Despite the demonstrated mortality benefit of CT lung cancer screening, low participation has been a glaring setback for it in the U.S. In response, clinicians from various lung screening programs have searched for new methods to increase participation rates, including bolstering patient outreach and factoring in patient preference.
Yet few studies have discussed why the people who underwent screening decided to do so -- from their point of view. Pursuing this concept, first author Joshua Roth, PhD, and colleagues from various U.S. institutions interviewed 20 individuals among approximately 1,000 who underwent CT lung cancer screening within the Kaiser Permanente Washington healthcare network in 2015.
All of the interviewees met screening criteria from the U.S. Preventive Services Task Force (USPSTF), such as smoking history, and had a "negative" or "benign" screening outcome. Their median age was 68 years; 40% were male, 90% were Caucasian, and 35% were current smokers.
From the interviews, the researchers identified four overarching motivating factors for those who underwent screening:
- Trust in the referring clinician. Most individuals (85%) claimed they did not know CT lung cancer screening was available before discussing it with their physician. Their "high degree of trust" in their physician motivated them to schedule and complete a screening CT exam.
- Perceived benefit of early detection. The majority of participants (75%) said the possibility of catching lung cancer in its early stages was the chief motivation for undergoing screening. Nearly all of the participants (90%) believed they were at "higher risk" of lung cancer compared with others who never smoked.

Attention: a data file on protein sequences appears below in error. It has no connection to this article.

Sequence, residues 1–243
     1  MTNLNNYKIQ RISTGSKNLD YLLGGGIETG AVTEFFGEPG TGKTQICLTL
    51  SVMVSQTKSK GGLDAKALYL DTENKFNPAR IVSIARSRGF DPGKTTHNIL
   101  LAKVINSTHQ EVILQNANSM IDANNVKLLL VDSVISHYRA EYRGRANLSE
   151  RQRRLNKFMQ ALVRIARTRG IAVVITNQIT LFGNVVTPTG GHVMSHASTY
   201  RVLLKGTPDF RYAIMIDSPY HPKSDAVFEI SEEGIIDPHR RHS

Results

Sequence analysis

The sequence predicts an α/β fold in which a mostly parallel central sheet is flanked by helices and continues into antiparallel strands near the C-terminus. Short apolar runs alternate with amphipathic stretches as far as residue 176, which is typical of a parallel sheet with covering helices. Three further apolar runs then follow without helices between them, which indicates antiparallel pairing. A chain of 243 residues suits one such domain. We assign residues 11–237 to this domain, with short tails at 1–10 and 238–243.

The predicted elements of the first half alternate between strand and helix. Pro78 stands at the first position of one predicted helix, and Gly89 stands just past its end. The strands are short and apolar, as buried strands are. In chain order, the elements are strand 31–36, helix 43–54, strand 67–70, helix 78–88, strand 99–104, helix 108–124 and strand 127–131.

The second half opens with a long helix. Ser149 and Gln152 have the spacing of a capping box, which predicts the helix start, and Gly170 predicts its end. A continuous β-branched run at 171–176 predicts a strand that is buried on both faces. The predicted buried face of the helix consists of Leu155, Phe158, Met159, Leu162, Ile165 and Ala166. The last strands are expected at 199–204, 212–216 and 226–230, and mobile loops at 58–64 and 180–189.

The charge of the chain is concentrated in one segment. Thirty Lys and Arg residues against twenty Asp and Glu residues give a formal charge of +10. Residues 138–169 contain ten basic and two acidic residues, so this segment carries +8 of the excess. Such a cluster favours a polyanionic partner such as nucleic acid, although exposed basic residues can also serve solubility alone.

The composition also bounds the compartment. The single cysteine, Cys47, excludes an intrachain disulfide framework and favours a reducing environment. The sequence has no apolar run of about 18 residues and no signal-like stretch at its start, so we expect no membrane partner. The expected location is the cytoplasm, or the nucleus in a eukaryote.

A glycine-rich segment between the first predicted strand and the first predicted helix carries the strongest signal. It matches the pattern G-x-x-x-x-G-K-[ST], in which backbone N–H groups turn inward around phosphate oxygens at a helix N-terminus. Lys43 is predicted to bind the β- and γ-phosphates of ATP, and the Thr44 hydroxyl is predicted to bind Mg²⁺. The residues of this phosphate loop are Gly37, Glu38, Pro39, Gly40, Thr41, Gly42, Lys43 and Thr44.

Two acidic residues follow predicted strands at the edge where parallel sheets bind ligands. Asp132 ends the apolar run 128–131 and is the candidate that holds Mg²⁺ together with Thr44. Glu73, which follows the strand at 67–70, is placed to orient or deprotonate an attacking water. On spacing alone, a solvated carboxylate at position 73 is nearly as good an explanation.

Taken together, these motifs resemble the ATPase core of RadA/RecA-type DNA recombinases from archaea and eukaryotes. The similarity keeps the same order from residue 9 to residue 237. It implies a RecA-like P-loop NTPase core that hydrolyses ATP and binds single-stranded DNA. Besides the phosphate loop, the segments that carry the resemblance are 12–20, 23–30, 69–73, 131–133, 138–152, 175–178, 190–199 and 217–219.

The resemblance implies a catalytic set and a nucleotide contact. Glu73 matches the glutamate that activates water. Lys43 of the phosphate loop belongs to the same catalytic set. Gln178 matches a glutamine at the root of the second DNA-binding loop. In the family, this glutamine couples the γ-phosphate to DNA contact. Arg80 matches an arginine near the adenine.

- Low or limited perceived harm of CT. All of the individuals held the belief that the benefits of screening with CT outweighed its harms. Less than half (45%) recognized potential harms associated with screening -- mostly mentioning radiation exposure.
- Relationships with friends or family with cancer. Several people (30%) brought up past experiences of friends or family members with advanced cancer as personal motivation to participate in screening.
Together, these insights into patient motivations for CT lung cancer screening may help improve the shared decision-making process between the individuals and healthcare providers, as well as inform how healthcare centers might design and implement new screening programs, the authors wrote.
"Patient-centered processes have the potential to improve the continuum of cancer care as it relates to lung cancer," they wrote. "Furthermore, at the medical practice level of the framework, the clinical team, clinical encounter, and patient characteristics are critical factors that can impact the process of care -- specifically transitions from risk assessment to screening."
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